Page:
IER Prez: “No Administration In History Has Done More to Ensure Producers Do Less”
WASHINGTON – Earlier today, Interior secretary Ken Salazar outlined a series of changes to federal leasing rules aimed at making it more difficult, expensive, and time-consuming to explore for and produce abundant reserves of American energy on federal, taxpayer-owned land. Subsequent to the announcement of the new rules, Institute for Energy Research (IER) president Thomas J. Pyle released the following statement:
“When it comes to paving the way for the responsible development of homegrown, job-creating energy resources, no administration in history has done more to ensure producers do less.
“It’s a superlative not achieved by accident. Over the course of a single year, we’ve seen the Interior secretary block commonsense exploration through a number of creative means – from executing a pocket veto on a sensible plan to produce offshore, to outright rescinding existing lease contracts in Utah.
“But while the means and methods have changed, the loser continues to be the American taxpayer. In 2008, the Interior Department collected 10-times the amount of revenue from lease sales than it did in 2009. Thanks to today’s announcement, that number has nowhere to go but down in 2010.”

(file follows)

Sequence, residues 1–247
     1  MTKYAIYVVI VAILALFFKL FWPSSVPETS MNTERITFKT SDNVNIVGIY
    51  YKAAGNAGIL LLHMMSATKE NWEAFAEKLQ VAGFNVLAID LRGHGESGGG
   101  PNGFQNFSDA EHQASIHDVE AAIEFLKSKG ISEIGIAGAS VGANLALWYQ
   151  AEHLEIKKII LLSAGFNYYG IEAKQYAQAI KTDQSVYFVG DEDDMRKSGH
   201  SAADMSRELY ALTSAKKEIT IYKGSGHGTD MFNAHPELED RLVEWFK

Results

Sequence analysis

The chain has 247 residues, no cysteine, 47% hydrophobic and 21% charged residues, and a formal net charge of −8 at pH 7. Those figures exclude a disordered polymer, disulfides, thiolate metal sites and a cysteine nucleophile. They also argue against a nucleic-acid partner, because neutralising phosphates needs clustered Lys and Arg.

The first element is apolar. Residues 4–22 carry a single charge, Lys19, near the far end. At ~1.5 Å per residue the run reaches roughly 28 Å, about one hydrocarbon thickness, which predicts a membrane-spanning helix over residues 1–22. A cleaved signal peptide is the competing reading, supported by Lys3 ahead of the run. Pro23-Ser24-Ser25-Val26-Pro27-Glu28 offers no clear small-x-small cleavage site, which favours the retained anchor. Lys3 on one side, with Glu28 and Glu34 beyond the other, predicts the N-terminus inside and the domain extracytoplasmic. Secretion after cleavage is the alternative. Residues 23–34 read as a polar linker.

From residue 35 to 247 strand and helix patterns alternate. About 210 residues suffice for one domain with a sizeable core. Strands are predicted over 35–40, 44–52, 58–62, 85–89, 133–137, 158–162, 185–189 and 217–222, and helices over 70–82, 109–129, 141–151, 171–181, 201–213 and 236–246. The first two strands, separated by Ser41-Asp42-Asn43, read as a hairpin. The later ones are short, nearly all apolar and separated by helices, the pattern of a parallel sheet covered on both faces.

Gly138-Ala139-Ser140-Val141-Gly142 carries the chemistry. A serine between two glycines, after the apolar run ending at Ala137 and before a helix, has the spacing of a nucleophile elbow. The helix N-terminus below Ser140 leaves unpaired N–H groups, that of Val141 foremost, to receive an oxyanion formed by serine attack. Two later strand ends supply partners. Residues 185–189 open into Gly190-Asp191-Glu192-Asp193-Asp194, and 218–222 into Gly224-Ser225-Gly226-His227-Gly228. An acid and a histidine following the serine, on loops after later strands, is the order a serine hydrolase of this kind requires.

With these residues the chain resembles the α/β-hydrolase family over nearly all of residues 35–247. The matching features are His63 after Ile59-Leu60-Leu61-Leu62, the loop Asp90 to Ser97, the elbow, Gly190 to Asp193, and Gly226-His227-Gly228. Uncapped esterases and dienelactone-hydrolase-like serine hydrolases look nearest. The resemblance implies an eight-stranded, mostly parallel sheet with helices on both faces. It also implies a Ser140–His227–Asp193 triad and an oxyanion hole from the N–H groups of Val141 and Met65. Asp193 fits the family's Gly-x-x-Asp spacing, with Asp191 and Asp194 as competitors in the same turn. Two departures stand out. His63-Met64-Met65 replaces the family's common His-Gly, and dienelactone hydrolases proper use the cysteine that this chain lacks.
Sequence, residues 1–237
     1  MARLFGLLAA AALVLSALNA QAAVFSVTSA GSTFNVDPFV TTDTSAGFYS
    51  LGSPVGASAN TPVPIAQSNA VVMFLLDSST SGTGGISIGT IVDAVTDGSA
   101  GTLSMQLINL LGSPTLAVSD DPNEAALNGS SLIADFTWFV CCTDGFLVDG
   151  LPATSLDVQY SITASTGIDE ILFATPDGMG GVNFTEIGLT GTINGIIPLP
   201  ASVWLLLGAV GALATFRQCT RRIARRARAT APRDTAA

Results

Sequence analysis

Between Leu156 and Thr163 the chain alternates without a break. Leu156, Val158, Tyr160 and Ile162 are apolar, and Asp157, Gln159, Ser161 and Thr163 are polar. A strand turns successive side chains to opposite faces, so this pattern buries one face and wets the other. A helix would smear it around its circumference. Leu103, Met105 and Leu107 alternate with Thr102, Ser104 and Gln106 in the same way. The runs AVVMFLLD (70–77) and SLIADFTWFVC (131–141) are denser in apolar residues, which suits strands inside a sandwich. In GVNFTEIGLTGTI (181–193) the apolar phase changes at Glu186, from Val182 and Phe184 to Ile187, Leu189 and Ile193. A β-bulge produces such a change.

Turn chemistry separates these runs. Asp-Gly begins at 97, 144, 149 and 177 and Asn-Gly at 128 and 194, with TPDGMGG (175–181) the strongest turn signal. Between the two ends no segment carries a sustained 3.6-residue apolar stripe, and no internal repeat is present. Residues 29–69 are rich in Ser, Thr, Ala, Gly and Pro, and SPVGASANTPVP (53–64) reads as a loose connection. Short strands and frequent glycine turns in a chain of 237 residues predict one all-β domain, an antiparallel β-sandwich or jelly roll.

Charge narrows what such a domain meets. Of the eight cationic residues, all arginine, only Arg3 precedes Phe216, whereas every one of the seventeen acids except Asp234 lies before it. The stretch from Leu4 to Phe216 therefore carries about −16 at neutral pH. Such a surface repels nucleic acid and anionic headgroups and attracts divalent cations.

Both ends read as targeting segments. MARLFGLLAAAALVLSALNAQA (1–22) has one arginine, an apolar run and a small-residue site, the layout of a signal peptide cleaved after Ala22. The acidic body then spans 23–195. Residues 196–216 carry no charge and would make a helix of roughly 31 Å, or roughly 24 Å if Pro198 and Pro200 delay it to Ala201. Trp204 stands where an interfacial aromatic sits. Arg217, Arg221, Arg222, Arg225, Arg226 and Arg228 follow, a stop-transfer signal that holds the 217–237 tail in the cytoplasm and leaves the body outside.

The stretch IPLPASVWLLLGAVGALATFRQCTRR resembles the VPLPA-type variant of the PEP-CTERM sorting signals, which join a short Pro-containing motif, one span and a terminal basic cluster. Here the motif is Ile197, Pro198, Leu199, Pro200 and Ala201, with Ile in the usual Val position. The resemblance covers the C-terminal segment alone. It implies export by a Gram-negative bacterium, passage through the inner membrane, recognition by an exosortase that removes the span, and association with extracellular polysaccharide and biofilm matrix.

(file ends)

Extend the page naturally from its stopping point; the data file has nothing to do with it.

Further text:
NOTE: Back in November, IER published a detailed exposition of Secretary Salazar’s record of leasing this year as head of the Interior Department. Among the highlights from that report:
- Under the first year of the Obama administration’s 2009 oil and gas leasing program, fewer onshore and offshore acres have been leased than in any previous year on record.
- The Interior Department collected less than one-tenth the revenue from oil and gas lease sales in 2009 than it did in 2008
- For the year 2008, lease sale revenues produced a return for the taxpayer of $942 per acre leased. In 2009, taxpayers received about $254 in return for each acre leased under the Obama administration – indicative of the quality of leasable land made available under Sec. Salazar
- More than 97 percent of the 2.46 billion acres of taxpayer-owned lands in the public domain are presently not leased for oil and gas exploration